FAQ: How Is Gilgamesh’s Story A Spiritual Journey?

Life as a Spiritual Quest

Life is a metaphorical journey that begins with birth and ends with death. There are many different types of journeys that one can tell stories about, from vision quests out into the wilderness to pilgrimages to far-off holy places. The Quest is a special kind of journey in search of something uniquely powerful and magical.
The word “quest” is derived from the Latin word for “to seek” or “to ask,” and it tells the story of a man’s quest for wisdom in the face of suffering, loss, and death. Sam Keen writes that “the Quest” is a metaphor for our willingness to live and wrestle with the perennial questions that religions offer. It would mean tempering all of our spiritual beliefs with a good deal of doubt and skepticism.

What is the purpose of Gilgamesh’s journey?

Gilgamesh’s personal journey begins after Enkidu’s death, when he seeks out Utnapishtim in order to learn the secret of immortality, and ends when he returns to Uruk. Gilgamesh’s journey is a direct reflection of his internal struggle and “journey” to become a better, selfless leader.

What was the lesson of Gilgamesh’s story?

The Epic of Gilgamesh’s main moral lesson is to be a kinder, better, and wiser king, rather than running off to fight monsters and seek immortality. The Epic is saying that the key to living the most meaningful life possible is to be the best you can be.

How does the knowledge that Gilgamesh acquired from his journey?

When Gilgamesh returns from his journey, he realizes that it is his destiny to rule wisely as a king, not to achieve immortality; in the end, Gilgamesh learns that death is the fate of all humans, that life is fleeting, and that what passes for immortality is what one leaves behind.

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How does Gilgamesh influence modern day?

The supremacy of Gilgamesh in the story reflects the society’s feelings toward leadership; the respect they had for an all-powerful monarch is difficult for us to comprehend today, as our society looks down on dictators and labels them tyrants and enemies.

Why does Gilgamesh want immortality?

Enkidu’s death plunges Gilgamesh into despair, but more importantly, it forces him to acknowledge his own mortality: if Enkidu, his equal, can die, so can he. Fear, not grief, is the reason why Gilgamesh seeks immortality.

Why did Gilgamesh reject the goddess Ishtar?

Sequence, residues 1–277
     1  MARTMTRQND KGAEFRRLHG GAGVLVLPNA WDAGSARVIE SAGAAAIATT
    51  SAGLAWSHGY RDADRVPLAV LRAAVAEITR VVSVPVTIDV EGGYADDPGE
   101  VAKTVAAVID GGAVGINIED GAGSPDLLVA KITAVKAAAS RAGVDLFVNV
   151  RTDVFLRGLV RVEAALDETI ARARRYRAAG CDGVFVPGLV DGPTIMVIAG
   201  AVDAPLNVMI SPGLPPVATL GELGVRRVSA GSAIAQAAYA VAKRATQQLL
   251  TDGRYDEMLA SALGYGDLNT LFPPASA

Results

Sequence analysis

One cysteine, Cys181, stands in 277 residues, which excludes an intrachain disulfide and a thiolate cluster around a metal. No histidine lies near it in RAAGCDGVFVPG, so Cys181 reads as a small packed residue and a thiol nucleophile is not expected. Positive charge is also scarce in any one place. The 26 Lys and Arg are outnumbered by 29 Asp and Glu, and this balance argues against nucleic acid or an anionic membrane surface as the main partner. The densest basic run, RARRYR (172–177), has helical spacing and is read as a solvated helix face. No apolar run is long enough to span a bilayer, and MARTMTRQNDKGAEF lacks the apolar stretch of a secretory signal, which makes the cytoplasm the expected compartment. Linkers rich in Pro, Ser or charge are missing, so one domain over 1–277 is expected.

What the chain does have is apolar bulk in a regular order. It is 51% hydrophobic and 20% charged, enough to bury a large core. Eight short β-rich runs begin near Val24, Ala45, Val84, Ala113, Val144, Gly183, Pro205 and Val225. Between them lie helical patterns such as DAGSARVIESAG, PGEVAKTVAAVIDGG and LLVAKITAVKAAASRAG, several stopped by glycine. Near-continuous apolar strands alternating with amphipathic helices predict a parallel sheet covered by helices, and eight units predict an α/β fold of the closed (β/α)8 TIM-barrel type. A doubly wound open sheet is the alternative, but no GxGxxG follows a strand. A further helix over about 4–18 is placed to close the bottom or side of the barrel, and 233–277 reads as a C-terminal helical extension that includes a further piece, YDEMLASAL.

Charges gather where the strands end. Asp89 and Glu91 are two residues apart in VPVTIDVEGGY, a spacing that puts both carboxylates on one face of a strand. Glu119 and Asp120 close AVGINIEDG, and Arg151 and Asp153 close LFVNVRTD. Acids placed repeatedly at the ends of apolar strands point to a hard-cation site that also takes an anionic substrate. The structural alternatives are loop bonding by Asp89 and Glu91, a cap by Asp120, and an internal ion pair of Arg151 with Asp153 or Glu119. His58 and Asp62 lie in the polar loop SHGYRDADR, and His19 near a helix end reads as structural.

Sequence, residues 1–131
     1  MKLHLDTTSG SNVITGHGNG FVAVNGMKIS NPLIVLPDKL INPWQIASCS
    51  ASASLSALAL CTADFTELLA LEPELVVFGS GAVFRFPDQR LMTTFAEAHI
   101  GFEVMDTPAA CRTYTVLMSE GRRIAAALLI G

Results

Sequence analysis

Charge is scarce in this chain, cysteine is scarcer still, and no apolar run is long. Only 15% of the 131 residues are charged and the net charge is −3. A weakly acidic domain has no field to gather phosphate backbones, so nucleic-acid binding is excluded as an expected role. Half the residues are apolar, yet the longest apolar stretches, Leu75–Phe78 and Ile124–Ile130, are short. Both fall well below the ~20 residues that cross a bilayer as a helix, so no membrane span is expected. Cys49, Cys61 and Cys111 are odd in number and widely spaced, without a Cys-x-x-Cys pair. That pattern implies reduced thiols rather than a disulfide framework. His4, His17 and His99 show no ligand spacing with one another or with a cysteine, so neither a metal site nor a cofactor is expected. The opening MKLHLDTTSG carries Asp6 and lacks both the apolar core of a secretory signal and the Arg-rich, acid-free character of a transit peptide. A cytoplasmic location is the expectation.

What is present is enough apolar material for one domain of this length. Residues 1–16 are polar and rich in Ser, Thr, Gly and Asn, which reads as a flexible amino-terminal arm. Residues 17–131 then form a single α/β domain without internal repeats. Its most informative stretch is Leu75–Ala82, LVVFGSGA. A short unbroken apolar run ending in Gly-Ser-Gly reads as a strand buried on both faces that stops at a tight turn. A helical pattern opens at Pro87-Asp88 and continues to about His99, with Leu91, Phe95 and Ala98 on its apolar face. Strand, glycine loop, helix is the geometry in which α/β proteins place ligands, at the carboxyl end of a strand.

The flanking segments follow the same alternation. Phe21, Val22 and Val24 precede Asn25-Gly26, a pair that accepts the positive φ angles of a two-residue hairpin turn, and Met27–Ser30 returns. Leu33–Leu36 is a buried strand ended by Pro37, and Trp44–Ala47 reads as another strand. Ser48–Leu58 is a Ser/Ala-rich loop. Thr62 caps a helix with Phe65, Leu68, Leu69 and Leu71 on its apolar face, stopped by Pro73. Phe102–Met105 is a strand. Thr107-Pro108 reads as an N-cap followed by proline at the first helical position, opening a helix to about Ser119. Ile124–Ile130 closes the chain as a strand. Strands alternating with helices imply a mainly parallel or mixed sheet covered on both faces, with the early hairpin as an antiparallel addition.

Gilgamesh rejects Ishtar’s advances in Tablet VI of the Epic of Gilgamesh after describing the harm she has caused to her previous lovers (for example, she turned a shepard into a wolf).

How did Gilgamesh change during the story?

Many events in the story cause Gilgamesh to change: he makes a friend, he makes a name for himself by killing Humbaba, and he tries to become immortal as a result of Enkidu’s death. Through these main actions, Gilgamesh’s personality changes and he becomes a better person.

Why is Gilgamesh a hero?

When Gilgamesh defeated the monster Humbaba, who lived in the Cedar Forest and terrorized all who lived nearby by refusing to let anyone pass through, he demonstrated heroism because he wasn’t afraid to put his own life in danger for the sake of others.

Does Gilgamesh gain immortality in the end?

Gilgamesh, like other heroes of ancient mythology, falls into a deep depression after Enkidu’s death and begins to consider his own mortality; however, like other heroes of ancient mythology, Gilgamesh achieves immortality through legend and the written word.

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Why does Gilgamesh finally accept his fate?

Gilgamesh finally accepts his fate because despite all of his efforts, he has gained nothing and he doesn’t have a choice.

Why did utnapishtim tell his story to Gilgamesh?

Utnapishtim tells Gilgamesh about the flood, how the gods met in council and decided to wipe out humanity, and how Ea, the god of wisdom, forewarned Utnapishtim about the gods’ plans and told him how to build a massive boat to save his family and the seed of all living creatures.

Who can Gilgamesh be compared to?

Many students compare and contrast Gilgamesh to Jesus, pointing out that both Gilgamesh and Jesus have human and divine characteristics, but Gilgamesh’s nature is divided; he is 2/3 god and 1/3 man.

Who is Gilgamesh similar to?

Gilgamesh and Hercules’ Twelve Labors are similar in terms of main characters and plot, but they differ in terms of theme. There are a few key similarities between Gilgamesh and Hercules that make the two characters seem very similar.

What stories are similar to Gilgamesh?

Beowulf, Enuma Elish, The Iliad and the Odyssey, and The Pyramid Texts are some of the books that are similar to the Epic of Gilgamesh.

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